"Monsieur, is everything alright?"

"Yes...thank you."

"Shall I take your cloak?"

"No, thank you."

"Your mother is upstairs." She quite obviously mistook my silence for grief and offered a sympathetic smile. "Would you kindly follow me?"

I do not remember walking up the stairs and down the hallway, but the next thing I knew, I stood before her bedroom door, biting my lip like a child once more. To my utter surprise, the nurse put a fat hand on my arm. I flinched involuntarily.

"It's all right, dear. She wants to see you...go on, then."

And like a child once more, I obeyed.


It was scarcely the same woman that I remembered.

Traces of her regal beauty remained, but the ravages of time and illness shadowed it. Her skin was withered and sallow, stretching taut over high cheekbones. Her once striking green eyes were sunken and rheumy, draped by a spider web of lines. Thin, wrinkled lips were set in a tight line beneath her pointed nose. The thick curtain of inky black hair that I used to admire was now a dull gray and pulled away from her face in a loose bun. She was dwarfed by the massive bed and thick blankets that covered her, but surveyed me with a look a mighty queen might bestow upon one of her subjects.

"Well?" she said. Her commanding voice remained virtually unchanged.

"Well what?" It took all I had not to smack that critical glare off of her face. I was the one in control this time. I was the stronger, more powerful figure here. She would not win this round.

She looked me up and down, a lion stalking her prey. I stared down at her with contempt.

"God, you're thin," she remarked, folding her own bony hands, "I have never seen anyone so thin…and why are you draped in that funereal black? You look like death himself."

"So I've been told."

She let out an impatient huff and arched a thin eyebrow.

"...How was your trip here?"

"No one was maimed, if that is what you mean."

She looked quite pained. My short, cold responses were obviously not what she wanted. Had the woman actually believed that our reunion would be a pleasant one? Did she actually expect me to just brush the nightmarish past under a rug and go on as if nothing had happened?

We surveyed each other for several awkward seconds.

"Please sit," she said politely.

I raised my brows beneath my mask. Never had I heard her use that word.

"I respectfully decline."

"Still as stubborn as always, aren't you?" She gestured to the chair at her bedside impatiently, "Take a seat, I insist."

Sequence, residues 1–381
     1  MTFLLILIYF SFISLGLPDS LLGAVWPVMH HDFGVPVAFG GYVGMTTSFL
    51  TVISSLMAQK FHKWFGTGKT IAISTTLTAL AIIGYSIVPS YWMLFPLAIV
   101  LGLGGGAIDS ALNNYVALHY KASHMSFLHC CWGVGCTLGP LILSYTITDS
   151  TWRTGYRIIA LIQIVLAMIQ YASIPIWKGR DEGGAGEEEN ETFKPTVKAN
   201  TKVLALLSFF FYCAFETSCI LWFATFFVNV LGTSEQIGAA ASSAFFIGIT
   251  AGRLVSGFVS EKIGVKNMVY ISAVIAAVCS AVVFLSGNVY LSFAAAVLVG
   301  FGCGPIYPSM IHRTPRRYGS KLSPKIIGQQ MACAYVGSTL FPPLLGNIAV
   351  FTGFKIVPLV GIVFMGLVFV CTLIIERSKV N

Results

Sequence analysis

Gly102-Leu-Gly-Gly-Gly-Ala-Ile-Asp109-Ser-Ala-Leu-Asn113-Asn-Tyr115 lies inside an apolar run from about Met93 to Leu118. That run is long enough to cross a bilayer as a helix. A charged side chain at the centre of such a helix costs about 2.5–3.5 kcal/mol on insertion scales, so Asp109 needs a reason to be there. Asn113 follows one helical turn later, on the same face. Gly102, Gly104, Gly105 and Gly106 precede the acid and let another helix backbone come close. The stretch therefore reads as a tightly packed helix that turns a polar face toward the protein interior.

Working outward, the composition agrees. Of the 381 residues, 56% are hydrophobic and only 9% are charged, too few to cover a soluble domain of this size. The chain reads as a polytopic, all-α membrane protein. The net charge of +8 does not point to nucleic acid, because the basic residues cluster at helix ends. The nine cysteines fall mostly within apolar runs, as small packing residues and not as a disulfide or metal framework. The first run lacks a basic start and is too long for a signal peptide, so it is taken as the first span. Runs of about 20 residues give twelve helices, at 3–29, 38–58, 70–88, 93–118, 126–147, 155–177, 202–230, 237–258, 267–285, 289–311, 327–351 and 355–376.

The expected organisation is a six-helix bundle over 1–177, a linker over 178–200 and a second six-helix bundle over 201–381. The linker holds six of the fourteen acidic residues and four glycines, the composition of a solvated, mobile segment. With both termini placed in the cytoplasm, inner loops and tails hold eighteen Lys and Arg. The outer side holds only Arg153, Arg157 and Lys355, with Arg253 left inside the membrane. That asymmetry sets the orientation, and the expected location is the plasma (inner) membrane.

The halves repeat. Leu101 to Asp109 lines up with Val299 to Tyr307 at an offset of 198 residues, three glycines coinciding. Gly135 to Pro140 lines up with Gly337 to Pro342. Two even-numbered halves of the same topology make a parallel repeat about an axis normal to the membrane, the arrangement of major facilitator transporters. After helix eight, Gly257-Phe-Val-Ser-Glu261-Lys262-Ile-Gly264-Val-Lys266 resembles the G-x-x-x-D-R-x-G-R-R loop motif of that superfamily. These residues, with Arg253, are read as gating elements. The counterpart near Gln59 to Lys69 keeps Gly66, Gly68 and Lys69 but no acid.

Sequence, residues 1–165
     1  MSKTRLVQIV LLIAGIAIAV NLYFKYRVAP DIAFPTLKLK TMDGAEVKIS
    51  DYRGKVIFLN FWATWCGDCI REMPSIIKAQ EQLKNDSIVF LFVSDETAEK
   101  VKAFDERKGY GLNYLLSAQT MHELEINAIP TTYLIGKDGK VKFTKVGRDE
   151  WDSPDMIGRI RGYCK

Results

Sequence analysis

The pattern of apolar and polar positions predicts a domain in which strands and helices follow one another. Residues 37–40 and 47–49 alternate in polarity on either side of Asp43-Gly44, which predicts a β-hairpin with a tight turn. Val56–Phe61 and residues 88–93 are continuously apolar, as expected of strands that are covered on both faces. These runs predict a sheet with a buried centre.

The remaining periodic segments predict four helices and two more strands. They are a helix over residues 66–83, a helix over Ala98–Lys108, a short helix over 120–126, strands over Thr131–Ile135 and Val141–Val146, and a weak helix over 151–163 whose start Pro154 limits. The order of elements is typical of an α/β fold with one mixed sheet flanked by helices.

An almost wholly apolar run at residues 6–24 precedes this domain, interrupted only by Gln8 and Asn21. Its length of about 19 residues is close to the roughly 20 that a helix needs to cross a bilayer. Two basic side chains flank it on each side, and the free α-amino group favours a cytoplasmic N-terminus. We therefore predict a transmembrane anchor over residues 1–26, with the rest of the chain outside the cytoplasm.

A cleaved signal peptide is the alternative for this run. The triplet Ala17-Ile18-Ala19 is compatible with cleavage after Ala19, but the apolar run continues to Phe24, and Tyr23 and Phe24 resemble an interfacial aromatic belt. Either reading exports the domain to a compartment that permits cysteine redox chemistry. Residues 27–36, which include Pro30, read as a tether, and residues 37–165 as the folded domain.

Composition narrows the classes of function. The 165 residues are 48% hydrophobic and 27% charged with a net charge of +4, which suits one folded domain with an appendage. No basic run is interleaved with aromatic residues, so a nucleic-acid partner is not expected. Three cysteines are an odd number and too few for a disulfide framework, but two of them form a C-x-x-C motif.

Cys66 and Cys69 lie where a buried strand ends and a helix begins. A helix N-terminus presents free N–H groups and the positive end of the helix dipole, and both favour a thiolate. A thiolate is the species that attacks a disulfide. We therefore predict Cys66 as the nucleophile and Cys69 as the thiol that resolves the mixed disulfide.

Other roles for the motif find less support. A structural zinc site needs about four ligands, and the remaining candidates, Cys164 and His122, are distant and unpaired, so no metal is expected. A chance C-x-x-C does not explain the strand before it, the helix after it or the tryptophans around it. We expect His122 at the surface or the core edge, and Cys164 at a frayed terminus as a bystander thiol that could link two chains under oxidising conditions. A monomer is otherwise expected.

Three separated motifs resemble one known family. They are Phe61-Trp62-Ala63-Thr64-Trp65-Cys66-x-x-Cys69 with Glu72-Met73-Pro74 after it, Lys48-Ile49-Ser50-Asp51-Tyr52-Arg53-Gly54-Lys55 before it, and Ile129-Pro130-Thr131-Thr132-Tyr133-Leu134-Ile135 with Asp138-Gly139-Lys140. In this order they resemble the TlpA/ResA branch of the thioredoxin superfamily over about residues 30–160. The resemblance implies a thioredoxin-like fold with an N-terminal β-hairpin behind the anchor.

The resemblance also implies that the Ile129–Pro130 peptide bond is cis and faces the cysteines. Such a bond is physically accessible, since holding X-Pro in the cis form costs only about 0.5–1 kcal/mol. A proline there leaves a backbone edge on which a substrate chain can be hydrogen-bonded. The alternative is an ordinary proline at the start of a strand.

She's dying, I heard Antoinette say, She wants to see her son.

I walked to the chair slowly and folded myself into it, gritting my teeth. Her eyes never left me for a second. We stared at each other for several minutes. The tension in the air was incredible.

"What is it that you want?" I asked finally, "Money? Believe me when I say that I will not give you a single franc. Or do you simply wish to make a game out of me? Paid for your ticket, so now see the show, is that it?"

She actually looked hurt.

"The things you say...I cannot...I wish to speak with you, that is all. I wish to know what you've done with your life."

"You want to hear a story, do you? Where should I start...before or after you sold me to that gypsy fair?" I whispered with deadly ferocity.

"Oh..." She snapped her eyes shut, hand rising to cover her mouth. "Erik...I..."

"Save your whimpering. You apologize to save your own skin. It means nothing."


"It means nothing! I don't want it! Do you hear me? I DON'T WANT IT!"

I rose and knocked the chair over with a swipe of my hand. It slid into a glass vase that promptly shattered into countless pieces. She let out a little yelp.

"I frighten you, don't I?" I snarled, "That was always it, wasn't it? My hideousness was frightening, and you lashed out! Did you think that you could make it go away? You were always crying over what you never had. You were always a spoiled, selfish brat, and God forbid you didn't get what you wanted! Well, you got me! I wasn't exactly what you bargained for, was I? This wasn't what you bargained for, was it?" I ripped off the mask and threw it to the floor, revealing the repulsive sight beneath. She broke out in a wave of sobs and covered her face with her hands.